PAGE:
What can Tiquan Underwood bring to the Panthers' offense? (Photo credit: USA TODAY Sports)
If you have a question for Tiquan Underwood, don’t hesitate to drop him a line on a Twitter. Like many athletes, the Carolina Panthers wide receiver has embraced the emergence of social media and often finds time to connect with his followers.
“It’s an open forum I have an open page,” Underwood said about his Twitter account in a recent interview with CBS Charlotte’s The Mac Attack. “I think it’s cool to be able to interact with the fans.”
Whether he’s re-tweeting a selfie of him and a fan, responding to an encouraging shout-out or acknowledging the love for his exceedingly popular flat top— Underwood is certainly a man of the people.
Take my particular Twitter interaction with the Carolina wideout, for instance. After a follower asked me for Underwood’s drop rate from a season ago, Tiquan wasted little time and chimed in with a clever and brilliant reply of his own.
As indicated by Pro Football Focus, a site dedicated to a unique metric approach to player statistics, Underwood ranks near the top of the league in “wide receiver rating.” According to the analysis, this particular stat represents the “quarterback rating when a receiver is thrown at.”
Underwood’s 110.0 rating, good for 14th amongst NFL receivers in 2013, ranks just below names such as Denver’s Demaryius Thomas, Green Bay’s Jordy Nelson, Cleveland’s Josh Gordon and fellow Carolina teammate Jerricho Cotchery.
Being one of the team’s newest installments at the wide receiver position, Underwood brings quite a few intriguing prospects to the Panthers’ offense. His straight-line speed, for one, is particularly exciting.
With Ted Ginn Jr. signing away to Arizona, the Panthers and offensive coordinator Mike Shula will be sifting through the roster for a deep threat. Underwood’s 4.31 40-time ability may have a stake in that conversation.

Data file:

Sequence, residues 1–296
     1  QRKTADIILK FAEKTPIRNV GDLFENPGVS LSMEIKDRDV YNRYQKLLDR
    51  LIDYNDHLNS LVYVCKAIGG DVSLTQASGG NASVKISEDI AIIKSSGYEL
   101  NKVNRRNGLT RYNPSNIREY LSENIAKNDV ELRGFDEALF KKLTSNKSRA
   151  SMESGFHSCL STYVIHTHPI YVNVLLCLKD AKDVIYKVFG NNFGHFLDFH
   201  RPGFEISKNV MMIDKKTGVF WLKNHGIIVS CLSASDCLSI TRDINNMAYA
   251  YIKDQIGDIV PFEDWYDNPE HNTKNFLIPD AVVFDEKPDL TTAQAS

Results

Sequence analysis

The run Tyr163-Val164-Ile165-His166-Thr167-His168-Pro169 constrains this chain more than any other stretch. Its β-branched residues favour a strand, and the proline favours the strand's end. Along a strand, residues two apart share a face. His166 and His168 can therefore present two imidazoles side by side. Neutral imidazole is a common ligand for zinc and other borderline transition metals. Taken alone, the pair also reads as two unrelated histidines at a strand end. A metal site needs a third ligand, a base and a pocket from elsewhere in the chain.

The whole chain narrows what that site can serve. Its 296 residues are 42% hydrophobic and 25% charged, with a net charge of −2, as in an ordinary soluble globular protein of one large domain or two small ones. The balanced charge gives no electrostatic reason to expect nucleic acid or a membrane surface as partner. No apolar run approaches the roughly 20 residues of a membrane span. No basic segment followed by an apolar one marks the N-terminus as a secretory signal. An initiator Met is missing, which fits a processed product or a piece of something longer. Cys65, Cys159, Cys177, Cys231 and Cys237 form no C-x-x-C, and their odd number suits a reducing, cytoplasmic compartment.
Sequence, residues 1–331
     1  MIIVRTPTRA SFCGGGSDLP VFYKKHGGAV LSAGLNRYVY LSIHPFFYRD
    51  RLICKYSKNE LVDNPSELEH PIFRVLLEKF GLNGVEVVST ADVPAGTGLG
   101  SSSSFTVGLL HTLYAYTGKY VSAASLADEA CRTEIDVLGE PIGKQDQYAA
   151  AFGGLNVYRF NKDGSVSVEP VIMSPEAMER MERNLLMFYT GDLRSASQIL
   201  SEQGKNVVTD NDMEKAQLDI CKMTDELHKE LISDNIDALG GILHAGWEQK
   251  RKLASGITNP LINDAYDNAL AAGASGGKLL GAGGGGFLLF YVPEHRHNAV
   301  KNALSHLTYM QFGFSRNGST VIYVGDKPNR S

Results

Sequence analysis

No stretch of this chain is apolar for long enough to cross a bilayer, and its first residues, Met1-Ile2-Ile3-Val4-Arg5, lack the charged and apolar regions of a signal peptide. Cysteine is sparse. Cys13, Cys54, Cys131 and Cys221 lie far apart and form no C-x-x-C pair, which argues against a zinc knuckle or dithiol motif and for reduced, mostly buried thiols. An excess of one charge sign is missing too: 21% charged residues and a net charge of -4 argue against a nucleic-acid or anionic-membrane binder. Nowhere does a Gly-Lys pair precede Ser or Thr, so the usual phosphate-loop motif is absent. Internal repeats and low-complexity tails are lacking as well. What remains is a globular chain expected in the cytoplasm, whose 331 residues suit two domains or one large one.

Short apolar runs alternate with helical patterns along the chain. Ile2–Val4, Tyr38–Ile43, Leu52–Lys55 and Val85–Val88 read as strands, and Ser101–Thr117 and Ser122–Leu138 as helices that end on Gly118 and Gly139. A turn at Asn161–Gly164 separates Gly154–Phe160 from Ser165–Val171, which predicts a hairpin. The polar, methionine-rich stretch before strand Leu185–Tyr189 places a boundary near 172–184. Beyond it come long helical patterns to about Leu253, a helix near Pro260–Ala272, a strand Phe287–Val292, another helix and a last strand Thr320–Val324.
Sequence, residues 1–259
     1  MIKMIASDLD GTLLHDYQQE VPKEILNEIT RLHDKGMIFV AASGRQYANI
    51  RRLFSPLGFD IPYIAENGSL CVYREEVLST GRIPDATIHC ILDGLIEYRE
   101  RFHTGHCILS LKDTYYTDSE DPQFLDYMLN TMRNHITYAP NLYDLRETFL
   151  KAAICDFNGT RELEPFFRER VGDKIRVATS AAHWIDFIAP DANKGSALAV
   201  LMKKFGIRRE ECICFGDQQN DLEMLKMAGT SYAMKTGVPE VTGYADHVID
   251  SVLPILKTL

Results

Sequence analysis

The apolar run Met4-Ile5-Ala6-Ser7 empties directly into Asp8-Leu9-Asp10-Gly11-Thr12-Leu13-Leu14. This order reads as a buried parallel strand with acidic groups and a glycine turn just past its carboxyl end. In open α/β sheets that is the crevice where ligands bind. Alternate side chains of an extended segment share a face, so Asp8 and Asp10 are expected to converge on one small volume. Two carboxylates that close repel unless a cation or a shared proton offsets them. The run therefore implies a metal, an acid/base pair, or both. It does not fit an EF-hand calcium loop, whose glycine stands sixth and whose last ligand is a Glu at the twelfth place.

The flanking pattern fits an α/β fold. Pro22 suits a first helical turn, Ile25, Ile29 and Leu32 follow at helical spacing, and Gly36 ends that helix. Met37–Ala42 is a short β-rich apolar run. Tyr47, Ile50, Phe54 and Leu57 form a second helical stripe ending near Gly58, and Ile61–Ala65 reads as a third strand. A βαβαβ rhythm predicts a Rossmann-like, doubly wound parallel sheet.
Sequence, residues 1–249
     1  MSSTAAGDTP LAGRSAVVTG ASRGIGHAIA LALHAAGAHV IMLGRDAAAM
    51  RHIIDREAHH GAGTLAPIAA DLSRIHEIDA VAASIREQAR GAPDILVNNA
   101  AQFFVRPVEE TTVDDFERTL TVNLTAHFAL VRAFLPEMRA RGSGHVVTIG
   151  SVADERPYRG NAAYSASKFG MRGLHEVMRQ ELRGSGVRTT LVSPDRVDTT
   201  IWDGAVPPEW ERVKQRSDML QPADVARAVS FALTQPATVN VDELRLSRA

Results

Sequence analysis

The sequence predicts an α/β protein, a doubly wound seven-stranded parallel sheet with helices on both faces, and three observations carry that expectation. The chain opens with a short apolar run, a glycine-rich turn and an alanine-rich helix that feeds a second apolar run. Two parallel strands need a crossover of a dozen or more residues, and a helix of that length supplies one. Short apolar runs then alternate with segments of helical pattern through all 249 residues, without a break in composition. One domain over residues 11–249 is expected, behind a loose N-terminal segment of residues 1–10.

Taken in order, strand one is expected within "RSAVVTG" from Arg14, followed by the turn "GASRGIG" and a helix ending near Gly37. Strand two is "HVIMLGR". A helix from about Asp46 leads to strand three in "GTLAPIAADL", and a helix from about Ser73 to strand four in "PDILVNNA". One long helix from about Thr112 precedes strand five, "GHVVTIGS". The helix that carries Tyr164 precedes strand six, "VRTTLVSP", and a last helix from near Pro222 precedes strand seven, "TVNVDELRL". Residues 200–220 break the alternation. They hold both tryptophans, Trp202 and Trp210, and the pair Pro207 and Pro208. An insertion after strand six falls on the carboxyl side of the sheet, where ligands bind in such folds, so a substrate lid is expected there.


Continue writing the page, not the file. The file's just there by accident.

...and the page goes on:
The offense, of course, will continue its run-heavy approach with their talented backfield and ground-savvy quarterback in Cam Newton. As Ginn did last season, Underwood can serve as the catalyst for that game breaking, change of pace type pass downfield.
Although it came on just 24 receptions, Underwood averaged 18.3 yards per catch with Tampa Bay lasts season. Of his four touchdowns in 2013, three went for at least 20 yards or more. Underwood racked up a 20-yard score against Seattle, an 85-yard score against Detroit and a 48-yard score against New Orleans. Ginn reeled in four such touchdowns grabs in his role with the Panthers.
Standing at 6’1” with 32” arms, Underwood also possesses some rather appealing size. His long arms will prove useful in the blocking game and will provide Newton with a nice catch radius.
He might even end up as a special teams gem given his good field vision and experience in the return game. In 2010, Underwood brought back 24 kicks at an average of 23.4 yards per return.
Above all else, Underwood will have an exceptional opportunity—one he has yet to encounter in his NFL career. The Rutgers product has displayed his potency in stints with Jacksonville, New England and Tampa Bay. He will, however, be presented with a chance to shine amongst an undefined group of receivers in Carolina.
But if you really want to know what’s in store for his first season in Carolina, try to ask the man himself. He’s a heck of a follow.